Reasons for performing study: Treatment for bacteraemia in foals must be started before the identity of the causative organism is known. Information aiding selection of effective antimicrobials should improve outcome. Objectives: To describe differences in clinical and clinicopathological data and outcome in foals with bacteraemia due to different classes of bacteria. Methods: Records of foals with a positive blood culture, age <10 days and presenting to a university hospital 1995-2004, were reviewed. Bacterial culture results, subject details, historical information, physical examination findings at admission and clinicopathological data generated during the first 48 h of hospitalisation were analysed. Results from foals with Gram-positive or Gram-negative organisms, single or mixed organism bacteraemias, and with bacteraemia due to 3 commonly isolated organisms were compared. Results: Eighty-five foals met the inclusion criteria. Gram-negative organisms (n = 59) Gram-positive organisms (n = 13) or multiple organisms (n = 19) were cultured from individual foals. Foals with Gram-negative bacteraemia had lower total white blood cell and lymphocyte counts at admission than did those from which only Gram-positive bacteria were cultured. Mixed organism bacteraemia was associated with tachycardia, increased serum concentrations of sodium, chloride and urea nitrogen, acidosis, respiratory distress, recumbency on admission and nonsurvival. Actinobacillus spp. infections were associated with leucopenia, neutropenia, lymphopenia and depression on hospital admission. Conclusions and potential relevance: Recognising particular patterns of clinical and clinicopathological findings associated with infection with specific groups of bacteria may, in the future, aid antimicrobial selection and influence prognosis in bacteraemic foals.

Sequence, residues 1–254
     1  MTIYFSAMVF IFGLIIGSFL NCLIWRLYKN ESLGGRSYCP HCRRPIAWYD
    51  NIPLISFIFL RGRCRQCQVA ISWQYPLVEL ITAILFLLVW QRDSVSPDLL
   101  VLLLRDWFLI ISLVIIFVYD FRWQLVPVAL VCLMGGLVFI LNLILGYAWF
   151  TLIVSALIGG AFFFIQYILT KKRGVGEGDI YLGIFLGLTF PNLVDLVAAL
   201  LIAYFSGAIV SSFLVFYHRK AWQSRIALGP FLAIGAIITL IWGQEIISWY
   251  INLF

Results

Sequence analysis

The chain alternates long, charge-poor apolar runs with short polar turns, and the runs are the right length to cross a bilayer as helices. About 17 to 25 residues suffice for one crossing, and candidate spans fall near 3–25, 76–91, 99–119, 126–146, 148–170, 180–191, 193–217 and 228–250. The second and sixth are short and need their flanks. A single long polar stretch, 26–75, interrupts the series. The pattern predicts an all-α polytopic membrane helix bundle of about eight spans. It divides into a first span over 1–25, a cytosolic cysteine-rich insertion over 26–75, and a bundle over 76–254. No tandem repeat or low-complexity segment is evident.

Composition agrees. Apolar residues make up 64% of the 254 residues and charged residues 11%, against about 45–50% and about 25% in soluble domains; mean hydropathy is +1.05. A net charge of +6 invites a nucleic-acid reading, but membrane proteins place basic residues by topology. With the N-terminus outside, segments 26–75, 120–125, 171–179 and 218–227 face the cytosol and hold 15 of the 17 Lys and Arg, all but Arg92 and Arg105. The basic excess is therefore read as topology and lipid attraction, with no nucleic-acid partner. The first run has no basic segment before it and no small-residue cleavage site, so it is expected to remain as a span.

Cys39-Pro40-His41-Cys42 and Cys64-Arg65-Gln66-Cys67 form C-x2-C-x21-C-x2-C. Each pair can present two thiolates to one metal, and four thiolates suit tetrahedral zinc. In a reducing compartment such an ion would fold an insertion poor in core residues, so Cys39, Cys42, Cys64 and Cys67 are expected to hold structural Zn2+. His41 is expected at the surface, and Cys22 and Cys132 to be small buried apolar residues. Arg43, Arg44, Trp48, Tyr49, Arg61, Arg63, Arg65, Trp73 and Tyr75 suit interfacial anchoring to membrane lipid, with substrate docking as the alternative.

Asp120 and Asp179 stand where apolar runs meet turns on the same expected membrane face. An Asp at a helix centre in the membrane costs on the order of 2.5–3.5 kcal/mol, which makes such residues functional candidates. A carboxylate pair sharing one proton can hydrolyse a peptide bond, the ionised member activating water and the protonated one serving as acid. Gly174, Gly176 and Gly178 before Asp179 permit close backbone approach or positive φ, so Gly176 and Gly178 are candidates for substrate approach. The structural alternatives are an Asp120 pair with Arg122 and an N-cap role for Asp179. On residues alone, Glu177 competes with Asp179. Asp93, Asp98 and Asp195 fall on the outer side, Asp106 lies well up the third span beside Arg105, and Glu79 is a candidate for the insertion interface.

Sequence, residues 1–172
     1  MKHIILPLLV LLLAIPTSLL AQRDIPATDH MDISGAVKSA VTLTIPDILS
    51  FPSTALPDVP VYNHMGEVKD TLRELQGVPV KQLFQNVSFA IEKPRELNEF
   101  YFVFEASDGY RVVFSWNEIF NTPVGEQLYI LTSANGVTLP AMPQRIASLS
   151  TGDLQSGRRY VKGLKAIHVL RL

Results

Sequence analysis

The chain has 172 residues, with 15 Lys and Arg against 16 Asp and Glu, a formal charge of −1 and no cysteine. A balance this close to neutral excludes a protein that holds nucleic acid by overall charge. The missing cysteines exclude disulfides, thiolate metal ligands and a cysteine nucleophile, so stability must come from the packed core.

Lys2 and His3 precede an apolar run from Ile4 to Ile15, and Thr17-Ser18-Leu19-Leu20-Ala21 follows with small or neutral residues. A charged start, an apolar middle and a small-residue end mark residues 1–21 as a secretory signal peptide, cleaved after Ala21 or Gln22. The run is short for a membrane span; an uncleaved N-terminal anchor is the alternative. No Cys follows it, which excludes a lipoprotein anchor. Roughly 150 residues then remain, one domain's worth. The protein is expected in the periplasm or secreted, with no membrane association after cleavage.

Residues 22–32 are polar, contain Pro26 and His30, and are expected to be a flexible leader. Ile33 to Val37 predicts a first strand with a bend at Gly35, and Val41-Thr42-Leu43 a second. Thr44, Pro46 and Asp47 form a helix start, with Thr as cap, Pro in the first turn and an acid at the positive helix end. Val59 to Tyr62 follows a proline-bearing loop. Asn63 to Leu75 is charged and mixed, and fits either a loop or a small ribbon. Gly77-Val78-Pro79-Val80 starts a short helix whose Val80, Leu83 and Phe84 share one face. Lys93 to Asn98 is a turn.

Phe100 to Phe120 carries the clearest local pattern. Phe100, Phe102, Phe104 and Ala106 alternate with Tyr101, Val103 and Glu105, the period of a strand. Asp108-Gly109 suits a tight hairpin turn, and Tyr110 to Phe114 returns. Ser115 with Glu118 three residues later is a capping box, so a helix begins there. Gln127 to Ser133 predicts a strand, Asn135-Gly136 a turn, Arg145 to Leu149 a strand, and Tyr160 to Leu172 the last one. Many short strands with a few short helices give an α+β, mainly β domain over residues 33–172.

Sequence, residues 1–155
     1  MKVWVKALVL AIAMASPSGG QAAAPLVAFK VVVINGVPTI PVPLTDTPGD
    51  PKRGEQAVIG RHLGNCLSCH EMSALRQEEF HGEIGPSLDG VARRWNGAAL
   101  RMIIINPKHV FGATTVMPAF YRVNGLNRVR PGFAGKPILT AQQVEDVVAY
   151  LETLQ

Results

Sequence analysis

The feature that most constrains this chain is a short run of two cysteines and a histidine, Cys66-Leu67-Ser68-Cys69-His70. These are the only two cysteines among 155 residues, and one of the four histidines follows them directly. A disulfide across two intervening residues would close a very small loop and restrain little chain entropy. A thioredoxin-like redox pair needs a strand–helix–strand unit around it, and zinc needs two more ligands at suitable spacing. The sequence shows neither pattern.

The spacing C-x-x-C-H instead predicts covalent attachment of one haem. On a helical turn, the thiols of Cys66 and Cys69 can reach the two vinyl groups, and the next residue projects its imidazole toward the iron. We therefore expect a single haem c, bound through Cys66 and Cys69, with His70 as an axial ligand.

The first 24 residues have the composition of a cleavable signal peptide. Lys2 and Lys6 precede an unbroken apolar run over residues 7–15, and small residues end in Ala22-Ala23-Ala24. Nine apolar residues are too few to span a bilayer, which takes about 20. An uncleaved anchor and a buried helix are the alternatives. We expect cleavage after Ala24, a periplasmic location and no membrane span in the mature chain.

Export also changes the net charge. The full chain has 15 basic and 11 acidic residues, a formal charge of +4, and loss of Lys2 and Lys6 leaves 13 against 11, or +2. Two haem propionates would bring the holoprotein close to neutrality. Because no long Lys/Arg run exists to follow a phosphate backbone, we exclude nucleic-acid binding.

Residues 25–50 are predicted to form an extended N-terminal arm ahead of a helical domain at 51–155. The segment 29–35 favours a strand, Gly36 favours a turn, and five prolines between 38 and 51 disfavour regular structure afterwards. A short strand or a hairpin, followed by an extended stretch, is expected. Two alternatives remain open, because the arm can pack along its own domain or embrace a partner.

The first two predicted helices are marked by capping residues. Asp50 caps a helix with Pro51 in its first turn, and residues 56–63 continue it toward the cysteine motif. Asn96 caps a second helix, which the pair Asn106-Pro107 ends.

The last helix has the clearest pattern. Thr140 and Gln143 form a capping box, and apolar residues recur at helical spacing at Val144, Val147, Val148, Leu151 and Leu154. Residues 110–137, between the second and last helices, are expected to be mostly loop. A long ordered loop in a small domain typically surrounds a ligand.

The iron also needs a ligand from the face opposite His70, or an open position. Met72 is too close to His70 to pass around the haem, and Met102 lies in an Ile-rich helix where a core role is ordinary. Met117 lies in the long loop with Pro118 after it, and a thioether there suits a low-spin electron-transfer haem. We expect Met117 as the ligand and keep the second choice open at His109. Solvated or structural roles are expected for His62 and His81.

- Escherichia coli
ASJC Scopus subject areas